Anchored by Jake Tapper, The Lead airs at 4 p.m. ET on CNN.
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(CNN) – The Centers for Disease Control and Prevention has confirmed that MERS is a low risk for Americans, but it is concerned enough to post warnings in airports.
"We think it's really critical to avoid overreacting in the community, but also avoid under reacting in the health care environment," says Dr. Anne Schuchat, Director for the National Center for Immunization and Respiratory Diseases.
"The reason for the signage is so that we can promptly identify potential cases so they can be separated from other people. What we saw in the SARS virus is somewhat like this, and what we see in certain episodes in the Arabian Peninsula is outbreaks in the hospital environment. Those outbreaks can get larger and larger if you don't know who is infected and who isn't," says Schuchat.
For more from the CDC's Dr. Anne Schuchat, check out the video above.
(CNN) – At a business group's private conference last Thursday, Karl Rove, one of the Republican party's most lauded strategists, upped the ante by suggesting former Secretary of State Hillary Clinton may have suffered a traumatic brain injury after a fall back in 2012.
"This was not clever, and it wasn't an insinuation. This was Karl Rove running headlong into a brick wall," CNN 'Crossfire' co-host Newt Gingrich said.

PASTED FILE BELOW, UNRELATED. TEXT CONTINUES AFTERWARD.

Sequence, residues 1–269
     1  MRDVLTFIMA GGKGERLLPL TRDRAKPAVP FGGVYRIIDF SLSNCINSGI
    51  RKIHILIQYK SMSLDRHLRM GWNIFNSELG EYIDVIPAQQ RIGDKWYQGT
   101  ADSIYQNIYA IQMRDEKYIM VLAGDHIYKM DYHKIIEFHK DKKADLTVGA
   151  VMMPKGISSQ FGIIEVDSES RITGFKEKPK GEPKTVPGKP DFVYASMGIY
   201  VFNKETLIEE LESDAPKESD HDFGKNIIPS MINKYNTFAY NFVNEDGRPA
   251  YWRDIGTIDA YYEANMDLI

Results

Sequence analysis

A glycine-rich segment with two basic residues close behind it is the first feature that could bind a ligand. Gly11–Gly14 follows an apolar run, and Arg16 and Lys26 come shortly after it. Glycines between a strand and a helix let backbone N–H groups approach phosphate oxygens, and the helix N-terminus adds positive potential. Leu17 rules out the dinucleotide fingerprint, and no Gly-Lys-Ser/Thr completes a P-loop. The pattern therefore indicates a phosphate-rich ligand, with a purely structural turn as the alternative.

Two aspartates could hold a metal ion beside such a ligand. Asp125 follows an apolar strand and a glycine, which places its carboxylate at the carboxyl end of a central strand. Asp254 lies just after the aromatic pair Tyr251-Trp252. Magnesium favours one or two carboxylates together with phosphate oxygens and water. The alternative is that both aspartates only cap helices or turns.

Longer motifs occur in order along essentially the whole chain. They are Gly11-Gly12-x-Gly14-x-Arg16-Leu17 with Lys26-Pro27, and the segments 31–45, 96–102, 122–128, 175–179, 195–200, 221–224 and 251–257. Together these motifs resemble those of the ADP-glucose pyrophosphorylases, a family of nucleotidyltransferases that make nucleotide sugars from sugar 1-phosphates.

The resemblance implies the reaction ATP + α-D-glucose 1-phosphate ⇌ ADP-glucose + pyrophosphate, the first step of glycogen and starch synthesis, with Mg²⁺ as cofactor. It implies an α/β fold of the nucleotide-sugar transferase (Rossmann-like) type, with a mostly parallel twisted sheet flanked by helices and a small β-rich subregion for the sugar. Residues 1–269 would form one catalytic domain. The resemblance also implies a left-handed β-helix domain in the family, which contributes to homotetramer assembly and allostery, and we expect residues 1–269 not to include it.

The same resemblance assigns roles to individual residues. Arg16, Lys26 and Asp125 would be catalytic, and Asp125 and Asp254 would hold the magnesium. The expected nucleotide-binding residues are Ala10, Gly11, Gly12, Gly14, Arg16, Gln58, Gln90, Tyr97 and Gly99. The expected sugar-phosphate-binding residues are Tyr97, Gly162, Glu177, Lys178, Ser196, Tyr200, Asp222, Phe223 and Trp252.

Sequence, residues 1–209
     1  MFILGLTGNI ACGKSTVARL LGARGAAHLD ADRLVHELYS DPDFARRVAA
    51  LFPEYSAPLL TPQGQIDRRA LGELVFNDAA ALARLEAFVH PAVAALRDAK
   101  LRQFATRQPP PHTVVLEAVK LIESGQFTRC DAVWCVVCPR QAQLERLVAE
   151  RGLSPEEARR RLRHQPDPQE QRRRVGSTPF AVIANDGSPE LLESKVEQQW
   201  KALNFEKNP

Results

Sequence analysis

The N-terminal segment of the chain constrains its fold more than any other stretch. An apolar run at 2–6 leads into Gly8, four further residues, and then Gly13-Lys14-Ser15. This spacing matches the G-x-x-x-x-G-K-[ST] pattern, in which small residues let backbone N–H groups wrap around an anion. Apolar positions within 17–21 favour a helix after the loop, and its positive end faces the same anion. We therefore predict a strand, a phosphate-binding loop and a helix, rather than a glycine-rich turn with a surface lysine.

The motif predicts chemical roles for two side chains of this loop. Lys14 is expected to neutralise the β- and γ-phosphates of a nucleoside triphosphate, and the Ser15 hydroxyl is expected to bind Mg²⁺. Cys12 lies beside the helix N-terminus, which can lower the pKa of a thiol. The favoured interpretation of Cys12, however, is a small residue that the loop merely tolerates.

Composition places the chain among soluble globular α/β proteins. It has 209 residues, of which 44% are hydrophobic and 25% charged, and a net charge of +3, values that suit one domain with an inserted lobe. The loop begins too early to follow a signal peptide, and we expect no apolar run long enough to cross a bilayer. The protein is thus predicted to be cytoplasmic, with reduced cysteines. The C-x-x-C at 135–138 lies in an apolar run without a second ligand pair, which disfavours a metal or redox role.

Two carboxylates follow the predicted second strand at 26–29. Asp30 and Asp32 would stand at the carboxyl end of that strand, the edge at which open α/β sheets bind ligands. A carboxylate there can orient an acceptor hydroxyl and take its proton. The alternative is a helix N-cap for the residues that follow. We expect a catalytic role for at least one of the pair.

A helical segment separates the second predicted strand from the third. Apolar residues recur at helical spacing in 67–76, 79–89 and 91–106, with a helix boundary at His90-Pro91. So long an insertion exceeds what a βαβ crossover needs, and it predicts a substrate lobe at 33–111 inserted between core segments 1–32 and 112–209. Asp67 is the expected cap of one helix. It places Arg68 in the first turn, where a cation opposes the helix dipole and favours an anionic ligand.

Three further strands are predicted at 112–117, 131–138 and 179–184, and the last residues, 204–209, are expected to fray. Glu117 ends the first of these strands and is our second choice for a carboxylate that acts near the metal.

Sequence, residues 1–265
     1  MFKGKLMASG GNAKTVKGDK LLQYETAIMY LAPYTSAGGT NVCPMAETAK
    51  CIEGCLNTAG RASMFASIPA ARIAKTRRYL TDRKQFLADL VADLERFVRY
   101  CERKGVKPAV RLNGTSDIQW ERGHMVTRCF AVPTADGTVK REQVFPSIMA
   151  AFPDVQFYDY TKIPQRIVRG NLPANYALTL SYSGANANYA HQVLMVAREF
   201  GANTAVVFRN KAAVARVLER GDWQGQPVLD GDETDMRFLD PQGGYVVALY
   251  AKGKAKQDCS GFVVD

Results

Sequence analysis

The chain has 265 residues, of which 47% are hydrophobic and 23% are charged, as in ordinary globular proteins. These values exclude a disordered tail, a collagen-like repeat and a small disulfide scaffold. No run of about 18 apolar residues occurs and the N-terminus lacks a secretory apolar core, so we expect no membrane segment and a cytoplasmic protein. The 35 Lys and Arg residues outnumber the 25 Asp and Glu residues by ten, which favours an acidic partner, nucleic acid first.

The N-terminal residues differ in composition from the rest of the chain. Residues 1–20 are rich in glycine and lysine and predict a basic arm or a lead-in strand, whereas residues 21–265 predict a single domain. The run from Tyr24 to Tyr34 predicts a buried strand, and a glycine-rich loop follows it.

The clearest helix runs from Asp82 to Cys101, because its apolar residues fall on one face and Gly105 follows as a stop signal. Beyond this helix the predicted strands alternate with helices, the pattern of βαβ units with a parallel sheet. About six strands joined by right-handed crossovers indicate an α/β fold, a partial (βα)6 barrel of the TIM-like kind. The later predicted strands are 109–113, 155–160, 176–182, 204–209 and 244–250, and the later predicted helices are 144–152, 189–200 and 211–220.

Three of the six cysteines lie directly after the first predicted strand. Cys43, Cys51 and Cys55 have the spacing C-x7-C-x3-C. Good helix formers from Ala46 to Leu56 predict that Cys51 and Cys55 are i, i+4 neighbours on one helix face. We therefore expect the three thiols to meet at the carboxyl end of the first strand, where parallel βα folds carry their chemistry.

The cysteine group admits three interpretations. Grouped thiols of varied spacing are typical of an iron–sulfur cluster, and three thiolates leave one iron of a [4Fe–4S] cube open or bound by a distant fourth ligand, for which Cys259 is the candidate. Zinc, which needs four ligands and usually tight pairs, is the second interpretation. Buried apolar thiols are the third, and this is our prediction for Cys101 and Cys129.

"He was starting to lay a drum beat out there, questioning whether or not the health scare ... is somehow disqualifying of her of being president," says CNN 'Crossfire' co-host Stephanie Cutter.
For more analysis, check out the video above.
(CNN) - Two health care workers went to the emergency room with flu-like symptoms after coming into contact with a patient confirmed to have Middle East Respiratory Syndrome, or MERS, officials said Tuesday.
The Florida case is the second confirmed case of MERS imported into the United States, the Centers for Disease Control and Prevention said Monday.
One health care worker in Orlando began showing symptoms 72 hours after exposure to the MERS patient but did not meet criteria for admission and was sent home, said Dr. Antonio Crespo, an infectious disease specialist at Dr. P. Phillips Hospital, where the MERS patient is being treated. The health care worker will be monitored and seems to be improving, Crespo said.